By Terra Breeden
Glasses of bacon bloody Mary’s and craft beers clanged together in salutations while a disc jockey spun pop hits over a booming sound system. Guests shook their tail feathers on the dance floor and enjoyed a vast buffet of pork belly sliders, veggie platters, and pizza slices. Needless to say, it was a party. But this wasn’t your everyday Heavenly fiesta, this was the 2018 Mountain Travel Symposium, the largest ski business conference in the world and the meeting ground for many of the industry’s top leaders.
This year, Lake Tahoe Visitors Authority hosted the Mountain Travel Symposium; a gathering of professionals from ski resorts and mountain towns across the globe. Ski business-people representing more than 35 countries met with vacation home suppliers, buyers and vendors to boost the mountain-travel economy and create lasting connections within the industry. More than 1,000 people attended the event from April 8-14, which was at Harrah’s Lake Tahoe, Lake Tahoe Resort Hotel and Heavenly Mountain Resort.
“It’s all the people involved in the mountain and winter agencies from all over the world who sell winter vacations to clients,” LTVA Vice President of Tourism Development Tony Lyle told Lake Tahoe News.
The Mountain Travel Symposium is hosted by a different resort town each year.
To host the event, LTVA successfully placed a bid with a destination marketing organization in 2015. LTVA then partnered with Heavenly, Harrah’s, and Lake Tahoe Resort Hotel to provide the conference center, mountain activities, and accommodations for attendees. LTVA’s goal was to unite the worldwide ski industry and grow the local economy by bringing new businesses and clients to the South Shore.
“We are a tourist destination and LTVA is bringing the mountain business here,” Lyle said. “We did a lot of outreach and this event is good for everybody, from banquet servers to hotel owners.”
Additionally, LTVA is focused on producing more business on the South Shore by inspiring ski clubs and councils who attend the symposium to plan their annual winter vacations at the ski resorts and hotels in this area. Many of the clients who came to the event were impressed by the transformation of the area since the Great Recession, especially in areas like the Heavenly Village.
“A lot of people have been blown away by the village, the mountain, and the beauty of the lake,” Lyle said. “These people had preconceived notions from 10-15 years ago, but there is new business being booked already during this conference.”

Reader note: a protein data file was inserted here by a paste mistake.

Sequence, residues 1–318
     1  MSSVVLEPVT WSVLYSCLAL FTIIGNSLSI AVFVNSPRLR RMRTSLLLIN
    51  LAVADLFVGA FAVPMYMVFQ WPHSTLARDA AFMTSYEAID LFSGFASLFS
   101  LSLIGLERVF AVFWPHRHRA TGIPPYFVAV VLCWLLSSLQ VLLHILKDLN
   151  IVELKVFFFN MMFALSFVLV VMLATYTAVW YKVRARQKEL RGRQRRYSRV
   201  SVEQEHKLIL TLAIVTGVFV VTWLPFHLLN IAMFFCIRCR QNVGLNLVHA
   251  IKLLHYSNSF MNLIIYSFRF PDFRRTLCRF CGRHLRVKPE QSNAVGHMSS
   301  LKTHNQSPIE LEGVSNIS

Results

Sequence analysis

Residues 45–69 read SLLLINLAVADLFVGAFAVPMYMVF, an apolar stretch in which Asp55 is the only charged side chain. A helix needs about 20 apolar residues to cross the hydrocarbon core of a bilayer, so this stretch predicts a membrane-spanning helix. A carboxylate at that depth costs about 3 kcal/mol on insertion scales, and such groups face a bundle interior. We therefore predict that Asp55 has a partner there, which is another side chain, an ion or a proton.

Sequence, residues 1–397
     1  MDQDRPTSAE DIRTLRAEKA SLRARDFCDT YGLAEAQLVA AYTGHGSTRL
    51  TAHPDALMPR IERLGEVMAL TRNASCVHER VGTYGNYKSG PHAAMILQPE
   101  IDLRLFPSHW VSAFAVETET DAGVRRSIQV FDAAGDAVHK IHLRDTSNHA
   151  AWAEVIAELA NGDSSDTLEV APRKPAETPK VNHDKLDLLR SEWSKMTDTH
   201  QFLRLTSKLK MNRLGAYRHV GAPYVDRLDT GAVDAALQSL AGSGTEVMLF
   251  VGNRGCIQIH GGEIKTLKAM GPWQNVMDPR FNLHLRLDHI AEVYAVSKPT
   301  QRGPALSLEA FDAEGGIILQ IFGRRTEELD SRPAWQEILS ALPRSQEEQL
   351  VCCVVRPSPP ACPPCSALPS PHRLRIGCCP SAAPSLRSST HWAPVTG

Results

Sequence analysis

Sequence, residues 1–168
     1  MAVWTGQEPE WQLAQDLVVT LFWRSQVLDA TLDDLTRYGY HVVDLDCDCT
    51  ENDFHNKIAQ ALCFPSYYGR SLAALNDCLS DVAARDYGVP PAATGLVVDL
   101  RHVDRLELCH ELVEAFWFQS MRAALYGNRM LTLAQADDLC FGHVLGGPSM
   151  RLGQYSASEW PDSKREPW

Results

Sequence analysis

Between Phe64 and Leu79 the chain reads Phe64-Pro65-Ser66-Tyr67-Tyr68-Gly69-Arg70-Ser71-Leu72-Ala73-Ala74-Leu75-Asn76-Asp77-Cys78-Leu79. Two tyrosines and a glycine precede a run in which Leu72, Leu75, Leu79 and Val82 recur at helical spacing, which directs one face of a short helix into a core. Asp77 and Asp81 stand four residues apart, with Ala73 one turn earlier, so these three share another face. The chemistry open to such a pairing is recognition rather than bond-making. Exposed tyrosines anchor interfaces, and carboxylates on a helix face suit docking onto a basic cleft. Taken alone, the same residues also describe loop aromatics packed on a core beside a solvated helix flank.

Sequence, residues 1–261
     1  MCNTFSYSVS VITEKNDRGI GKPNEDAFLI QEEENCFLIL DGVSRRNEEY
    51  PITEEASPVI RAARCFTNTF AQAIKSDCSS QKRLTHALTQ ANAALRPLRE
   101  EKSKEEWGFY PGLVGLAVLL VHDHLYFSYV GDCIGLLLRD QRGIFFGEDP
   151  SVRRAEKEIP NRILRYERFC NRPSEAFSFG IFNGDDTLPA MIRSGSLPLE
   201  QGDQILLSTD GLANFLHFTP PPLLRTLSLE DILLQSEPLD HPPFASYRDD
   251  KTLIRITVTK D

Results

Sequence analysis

At the weeklong Mountain Travel Symposium, a wide range of networking opportunities, activities, and business presentations were offered each day. Attendees learned how to grow their companies with social media marketing tactics and vacation home rental schemes during the popular breakout sessions on Wednesday and Thursday. And over the weekend, attendees met with other like-minded professionals to discuss business strategies and network in speed-dating-style, one-on-one meetings and group assemblies.
“This is a great place to meet with current clients and develop new relationships because the sharing of information and networking is critically important. Everybody is an expert here when it comes to the ski and snowboard industry. It is a great venue and event,” Janet Janssen, director of property management at Travel Guard International in Stevens Point, Wis., told Lake Tahoe News.
Janssen, who has been attending the Mountain Travel Symposium for eight years, said that the symposium has been growing in popularity with more international companies joining this conference than in earlier years. Attendees wore name tags emblazoned with their home countries and hailed from places such as Spain, France, the Netherlands, Italy, and Belgium.
“The international companies bring a new perspective. Their mountains and customers are different from the U.S.,” Janssen said. “Everyone gains a better insight on how to run their business. They learn about marketing and gain more knowledge about the industry as a whole.”
Although most of the conference days were spent within the confines of Harrah’s, this rowdy bunch of professional outdoor enthusiasts were more likely to form meaningful business relationships in skis and snow boots than they were in suits and heels. Heavenly was awash in ski-industry professionals conducting impromptu meetings on the chairlifts before hitting the slopes with their newfound business partners.
Skiing conditions were warm and sunny during the event and Heavenly was relatively quiet; winding down during the last couple weeks of operation. The Mountain Travel Symposium guests virtually had the mountain to themselves. Multiple languages and accents could be heard as symposium attendees skied together in small groups and explored the mountain.
“This place is magical. I can’t believe how great the spring skiing is,” Herman Buchan, symposium attendee and manager of Hotel Castor, a luxury resort in Champoluc, Italy, said.
Next year, the Mountain Travel Symposium is scheduled in Whistler, British Columbia. The event returns to the Lake Tahoe area in 2020 and will be at Squaw Valley.